St. John Clarke and the Kensington Garden Sculptures

Jenkins discusses St. John Clarke’s interest in art and his suitability to write an introduction to The Art of Horace Isbister: “That a well-known novelist should take on something that seemed to call in at least a small degree for an accredited expert on painting was not so surprising as might at first sight have appeared, because St. John Clarke, although quieter of late years, had in past often figured in public controversy regarding the arts. He had been active, for example, in the years before the war in supporting the erection of the Peter Pan statue in Kensington Garden; a dozen years later vigorously opposing the establishment of Rima in the bird sanctuary in the same neighborhood”  [AW 26/19] Jenkins continues, reflecting on Clarke’s views on the Haig Statue and on Post Impressionism.

Peter Pan Sir George Frampton, 1902 Kensington Gardens

Peter Pan
Sir George Frampton, 1912
Kensington Gardens

In 1902, J. M. Barrie published his first Peter Pan book, The Little White Bird, and commissioned Sir George Frampton to build a statue of Peter for the Kensington Gardens. In 1904 Barrie wrote his famous play about Peter and in 1906 adapted the Kensington garden portions of The Little White Bird for the book Peter Pan in Kensington Gardens.  Sir George Frampton, R.A. (1860-1928) was part of the late nineteenth century British New Sculpture movement, which concentrated on natural, life-like figures. Seven other castings of this beloved statue are displayed around the world.

Rima Sir Jacob Epstein, 1925 Kensington Gardens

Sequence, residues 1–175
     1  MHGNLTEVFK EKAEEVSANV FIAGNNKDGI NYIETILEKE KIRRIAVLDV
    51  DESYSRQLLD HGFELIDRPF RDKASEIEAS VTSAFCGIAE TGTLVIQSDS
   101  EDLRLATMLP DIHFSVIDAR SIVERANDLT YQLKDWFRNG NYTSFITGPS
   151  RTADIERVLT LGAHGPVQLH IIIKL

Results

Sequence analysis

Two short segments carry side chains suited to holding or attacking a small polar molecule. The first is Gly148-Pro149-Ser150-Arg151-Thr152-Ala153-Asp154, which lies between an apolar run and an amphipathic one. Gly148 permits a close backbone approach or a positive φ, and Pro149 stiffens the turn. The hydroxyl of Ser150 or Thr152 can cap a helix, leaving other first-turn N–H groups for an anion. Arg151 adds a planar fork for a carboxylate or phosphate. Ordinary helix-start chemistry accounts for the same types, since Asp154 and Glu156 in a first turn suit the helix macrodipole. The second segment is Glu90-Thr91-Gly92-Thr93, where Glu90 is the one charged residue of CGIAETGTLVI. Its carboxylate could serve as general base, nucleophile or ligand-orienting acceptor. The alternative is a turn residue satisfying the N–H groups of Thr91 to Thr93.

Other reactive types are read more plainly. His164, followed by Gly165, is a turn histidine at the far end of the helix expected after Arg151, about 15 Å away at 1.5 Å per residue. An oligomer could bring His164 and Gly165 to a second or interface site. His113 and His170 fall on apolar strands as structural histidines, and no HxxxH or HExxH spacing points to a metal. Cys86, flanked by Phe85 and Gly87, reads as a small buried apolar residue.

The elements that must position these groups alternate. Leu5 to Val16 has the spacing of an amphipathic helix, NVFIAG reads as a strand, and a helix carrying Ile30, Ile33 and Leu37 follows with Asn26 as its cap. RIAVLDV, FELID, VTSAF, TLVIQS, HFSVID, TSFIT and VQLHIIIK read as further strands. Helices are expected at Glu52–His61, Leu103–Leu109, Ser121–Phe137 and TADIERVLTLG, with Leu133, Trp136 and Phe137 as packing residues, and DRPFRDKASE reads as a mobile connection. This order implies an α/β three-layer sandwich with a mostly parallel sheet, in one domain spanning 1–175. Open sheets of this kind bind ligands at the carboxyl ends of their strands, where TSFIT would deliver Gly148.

Sir Jacob Epstein, 1925
Kensington Gardens
© The Estate of Sir Jacob Epstein/ Tate, London 2009

Rima, sculpted by Sir Jacob Epstein for the Kensington Garden bird sanctuary in 1925 is a distant departure from New Sculpture. Rima, another popular figure of children’s literature,  was a girl who lived the jungles of Venezuela in Green Mansions: A Romance of the Tropical Forest by W.H.M. Hudson (1904). St. John Clarke’s contrasting views of these two statues reflected public controversies in London in the late 1920s.  Epstein’s work was greeted by some as a grotesque atrocity, but others welcomed it. The critic Holbrook Jackson wrote:  “The statue of Peter Pan is only tolerable for the sentimental effect it has on children who have been wrongly brought up. Rima is one of the greatest examples of the sculpture of modern times.” In 1927, Rima was defaced with green paint; whether this was simple vandalism or an act of public criticism is unknown, but in August, 1928, Peter Pan was tarred and feathered, bringing tears to the eyes of many of its admirers; some believed that Epstein’s supporters were retaliating  for the green paint. In 1929, Rima got the tar and feathers. A week later a tar attack on another Epstein piece was foiled, and other attacks on Rima continued for years. Epstein quipped: “Michael Angelo’s David was stoned by the populace of Florence…so I feel I am in good company.”   We are still in Kensington Gardens but, in artistic terms, have come a long way from the Victorian monuments; in a few lines Powell both illustrates Clarke’s aesthetic politics and calls our attention to cultural history.

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